Officers would look for vehicles with minimal damage, such as ignition switch damage or missing tires. The tow company would then tell the vehicle’s owner it had found their stolen vehicle, which had unspecified damage, and that it worked with a collision shop that would waive the deductible for repairing it.
If the owner agreed to have the work done at that collision shop, employees then would strip vehicles of their motors, transmissions and other major parts without the owners’ knowledge. When a claims adjuster for the owner’s insurance company saw the stripped vehicle, thousands of dollars in damages would be assessed.
The collision shop owner would collect the money, put the parts back on the vehicle and do the minor repairs for the original damage before telling the owner to pick up the vehicle. The owners were never aware of the scheme.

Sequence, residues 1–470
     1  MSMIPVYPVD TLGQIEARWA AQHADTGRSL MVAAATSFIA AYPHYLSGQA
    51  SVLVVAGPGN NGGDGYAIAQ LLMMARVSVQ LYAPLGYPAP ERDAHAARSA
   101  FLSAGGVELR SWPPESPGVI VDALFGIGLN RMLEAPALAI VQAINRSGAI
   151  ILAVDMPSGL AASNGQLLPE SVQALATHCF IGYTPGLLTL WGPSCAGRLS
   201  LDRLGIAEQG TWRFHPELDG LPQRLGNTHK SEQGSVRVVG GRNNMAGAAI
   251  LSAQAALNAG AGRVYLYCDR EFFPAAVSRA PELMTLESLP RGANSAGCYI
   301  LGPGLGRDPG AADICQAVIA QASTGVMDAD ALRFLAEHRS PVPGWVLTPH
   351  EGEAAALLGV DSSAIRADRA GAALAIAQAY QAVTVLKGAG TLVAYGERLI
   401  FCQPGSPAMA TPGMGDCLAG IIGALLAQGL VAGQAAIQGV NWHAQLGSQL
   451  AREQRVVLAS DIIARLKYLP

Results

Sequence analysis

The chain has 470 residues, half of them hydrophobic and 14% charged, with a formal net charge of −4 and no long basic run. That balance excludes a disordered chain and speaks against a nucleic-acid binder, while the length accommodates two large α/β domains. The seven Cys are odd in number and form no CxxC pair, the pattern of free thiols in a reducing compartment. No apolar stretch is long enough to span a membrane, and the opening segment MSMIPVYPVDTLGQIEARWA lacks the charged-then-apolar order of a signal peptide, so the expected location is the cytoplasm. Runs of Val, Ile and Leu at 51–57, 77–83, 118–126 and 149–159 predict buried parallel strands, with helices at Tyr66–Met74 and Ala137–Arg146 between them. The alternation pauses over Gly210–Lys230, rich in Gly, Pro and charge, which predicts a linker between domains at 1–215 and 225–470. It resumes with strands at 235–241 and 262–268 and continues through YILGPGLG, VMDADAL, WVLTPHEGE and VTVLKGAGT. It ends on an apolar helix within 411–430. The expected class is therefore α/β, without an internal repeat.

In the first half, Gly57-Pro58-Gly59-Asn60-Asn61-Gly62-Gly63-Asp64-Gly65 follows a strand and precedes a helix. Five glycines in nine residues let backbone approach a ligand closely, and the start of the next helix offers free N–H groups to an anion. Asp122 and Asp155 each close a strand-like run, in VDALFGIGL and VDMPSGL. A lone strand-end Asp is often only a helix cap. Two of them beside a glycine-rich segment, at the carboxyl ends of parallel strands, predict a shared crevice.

Two collision shops in Wayne County are being investigated.
The cases were unsealed two months after former Detroit Deputy Police Chief Celia Washington, 57, was indicted on federal conspiracy and bribery charges.
Washington pocketed bribes in exchange for helping an unnamed towing mogul grab a bigger piece of a Detroit towing industry that totaled more than $2 million a year. City attorneys say the towing mogul is Fiore.
Washington was charged after investigators built a case with secret video recordings, a “significant number” of wiretaps, text messages and other evidence, according to court records.
Last year, Craig said the six officers were suspended with pay, pending the outcome of the investigation.
This type of corruption is difficult to detect, in part, because the amount of money officers received is so small, Henning said.
“Even if you multiplied the amount by five, they just sold their career for less than $30,000,” Henning said.